2020 oil, gas drilling to hit at least 20-year low
The number of drilled wells globally is expected to reach around 55,350 this year, said Rystad Energy, the lowest level since at least the beginning of the century.
The number of drilled wells globally is expected to reach around 55,350 this year, said Rystad Energy, the lowest level since at least the beginning of the century as oil and gas activity, including the drilling market both in terms of wells drilled and related demand for drilling equipment, has been stymied by the COVID-19 pandemic.
The decline is a staggering 23% fall from 2019’s number of 71,946 wells. Rystad Energy’s forecast, which extends to 2025, does not expect last year’s number to be met or exceeded within the considered timeframe.
Drilled wells are expected to partly recover to just above 61,000 in 2021, as governments ease travel restrictions, boosting oil demand and prices. Then numbers will rise further to just above 65,000 in 2022 and remain just below 69,000 until the end of 2025.
North America is likely to be most affected, with the country’s rig count already down to historic lows just a few months into the downturn. Although modest recovery is possible in second-half 2020, drilling activity will remain more than 50% below the levels seen at the same time last year.
Of the 55,350 wells to be drilled in 2020, 2,238 are offshore and 53,112 are onshore. Before the pandemic, Rystad Energy had expected total wells to rise year-over-year to 74,575, of which 2,896 would be offshore wells and 71,679 onshore wells.
“Both new wells and drilling lengths will be pared down as E&P’s scale down investments, affecting the entire supply chain associated with these services. This includes drilling tools, which will decline by 35% in 2020 compared to 2019,” said Reza Hassan Kazmi, energy services analyst at Rystad Energy.
When looking at drilling tools, Rystad Energy includes blowout preventers (BOPs), downhole drilling tools, drill bits, drill pipe, jars, drill collars, and other drilling tools except downhole pumps used for artificial lift, under the generic service segment.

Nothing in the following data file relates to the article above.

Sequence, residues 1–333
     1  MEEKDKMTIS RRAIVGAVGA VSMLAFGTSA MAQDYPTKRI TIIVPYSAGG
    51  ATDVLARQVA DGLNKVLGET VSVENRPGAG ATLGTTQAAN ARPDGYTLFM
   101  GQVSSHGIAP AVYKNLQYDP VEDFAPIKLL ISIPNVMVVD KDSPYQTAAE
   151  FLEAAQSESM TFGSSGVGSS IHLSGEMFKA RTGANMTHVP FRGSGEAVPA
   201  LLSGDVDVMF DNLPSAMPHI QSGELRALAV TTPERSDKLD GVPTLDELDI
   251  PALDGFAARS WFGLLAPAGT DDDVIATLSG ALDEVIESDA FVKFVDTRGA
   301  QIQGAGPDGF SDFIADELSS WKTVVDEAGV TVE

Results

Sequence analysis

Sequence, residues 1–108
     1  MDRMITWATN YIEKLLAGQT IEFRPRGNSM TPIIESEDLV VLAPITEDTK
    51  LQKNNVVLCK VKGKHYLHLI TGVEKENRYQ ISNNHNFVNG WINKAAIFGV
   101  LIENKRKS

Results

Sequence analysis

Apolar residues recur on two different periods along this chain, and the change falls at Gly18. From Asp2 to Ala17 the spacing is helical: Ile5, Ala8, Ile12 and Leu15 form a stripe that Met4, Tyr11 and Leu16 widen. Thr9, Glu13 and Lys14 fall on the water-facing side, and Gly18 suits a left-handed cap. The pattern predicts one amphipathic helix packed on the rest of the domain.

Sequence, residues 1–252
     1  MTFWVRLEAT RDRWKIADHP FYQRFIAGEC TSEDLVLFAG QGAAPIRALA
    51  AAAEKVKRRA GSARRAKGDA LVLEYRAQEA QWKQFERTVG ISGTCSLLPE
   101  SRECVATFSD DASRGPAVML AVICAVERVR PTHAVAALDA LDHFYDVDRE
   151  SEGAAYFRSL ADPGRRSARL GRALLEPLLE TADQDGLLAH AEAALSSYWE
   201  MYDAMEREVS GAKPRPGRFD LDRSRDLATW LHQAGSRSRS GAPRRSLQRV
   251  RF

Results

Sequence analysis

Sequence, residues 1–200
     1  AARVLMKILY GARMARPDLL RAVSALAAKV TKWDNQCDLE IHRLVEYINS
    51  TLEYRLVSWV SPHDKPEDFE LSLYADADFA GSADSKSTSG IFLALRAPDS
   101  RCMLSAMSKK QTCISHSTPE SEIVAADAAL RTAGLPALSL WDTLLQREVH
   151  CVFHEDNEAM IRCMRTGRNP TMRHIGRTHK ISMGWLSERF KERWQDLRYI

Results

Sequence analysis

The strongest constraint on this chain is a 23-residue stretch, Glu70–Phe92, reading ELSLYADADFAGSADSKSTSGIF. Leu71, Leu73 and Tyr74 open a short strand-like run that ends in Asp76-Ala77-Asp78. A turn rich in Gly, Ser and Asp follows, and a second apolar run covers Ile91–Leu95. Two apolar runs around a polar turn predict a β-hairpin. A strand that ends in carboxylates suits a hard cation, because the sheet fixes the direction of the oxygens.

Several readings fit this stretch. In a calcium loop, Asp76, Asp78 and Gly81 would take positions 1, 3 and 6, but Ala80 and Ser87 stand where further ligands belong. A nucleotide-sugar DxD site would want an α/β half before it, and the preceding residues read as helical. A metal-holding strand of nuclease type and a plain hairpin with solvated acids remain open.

Drilling length, another key driver for drilling tools, especially for drill pipes, drill collars, heavy-weight drill pipes and drill bits, is also estimated to drop by 25% this year before improving in 2021. At a more granular level, such as the regional or country level, the percentage decrease in wells will not always result in a proportional reduction in total drilling lengths, as drilling depths per well could greatly vary between different regions and countries.
From the demand standpoint, Rystad Energy expects that onshore and offshore purchases for drilling tools will drop from to $10 billion in 2020 from $16 billion in 2019.
Besides North America, Africa and Russia will be the biggest contributors to this loss, where purchases will drop by 36% and 27% respectively this year. Russian operators are likely to delay the drilling of new wells on mature assets to ensure compliance with agreed production cuts, while Sonatrach will cut back most of its spending on projects such as Hassi Messaoud and Tin Fouye-Tabankort.
In the medium term however, as major E&Ps resume developing their lineup of offshore projects in Africa, the demand for drilling tools (especially for drilling risers) is expected to increase.
Overall, onshore markets are expected to recover as early as 2021 and grow at a rate of 7% annually towards 2025, while offshore markets will see some highs and lows and will maintain an overall flattish level towards 2025.
Despite the overall stagnant growth, Brazil, Australia, and China will continue to offer opportunities in the short term with 20-40% growth prospects for offshore drilling in these countries while the UK, Guyana, and Mexico look promising in the medium to long term. The US remains the hotspot for spending on drilling tools onshore, while Norway is expected to top the list for offshore drilling tools spending.
In the US onshore market, more than 80% of drilling tools spending will be for shale drilling. The Permian and the Appalachian basins will drive 60% of total shale spend on drilling tools followed by some conventional activity in other basins.
Off the coast of Norway, Troll, Balder/Ringhorne and Johan Sverdrup will drive the demand for drilling tools.